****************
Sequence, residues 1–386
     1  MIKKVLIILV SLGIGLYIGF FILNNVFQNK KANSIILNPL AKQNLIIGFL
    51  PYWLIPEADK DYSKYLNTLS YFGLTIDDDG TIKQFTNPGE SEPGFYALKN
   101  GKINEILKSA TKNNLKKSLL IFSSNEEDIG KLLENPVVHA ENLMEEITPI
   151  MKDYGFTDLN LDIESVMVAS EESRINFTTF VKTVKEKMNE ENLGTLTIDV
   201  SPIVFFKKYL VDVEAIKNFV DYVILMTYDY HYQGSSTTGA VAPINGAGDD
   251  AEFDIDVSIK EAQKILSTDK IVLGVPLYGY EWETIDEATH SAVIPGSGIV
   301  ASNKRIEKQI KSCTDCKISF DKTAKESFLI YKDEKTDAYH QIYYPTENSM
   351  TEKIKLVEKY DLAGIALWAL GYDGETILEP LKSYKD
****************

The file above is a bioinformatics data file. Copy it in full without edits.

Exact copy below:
Sequence, residues 1–386
     1  MIKKVLIILV SLGIGLYIGF FILNNVFQNK KANSIILNPL AKQNLIIGFL
    51  PYWLIPEADK DYSKYLNTLS YFGLTIDDDG TIKQFTNPGE SEPGFYALKN
   101  GKINEILKSA TKNNLKKSLL IFSSNEEDIG KLLENPVVHA ENLMEEITPI
   151  MKDYGFTDLN LDIESVMVAS EESRINFTTF VKTVKEKMNE ENLGTLTIDV
   201  SPIVFFKKYL VDVEAIKNFV DYVILMTYDY HYQGSSTTGA VAPINGAGDD
   251  AEFDIDVSIK EAQKILSTDK IVLGVPLYGY EWETIDEATH SAVIPGSGIV
   301  ASNKRIEKQI KSCTDCKISF DKTAKESFLI YKDEKTDAYH QIYYPTENSM
   351  TEKIKLVEKY DLAGIALWAL GYDGETILEP LKSYKD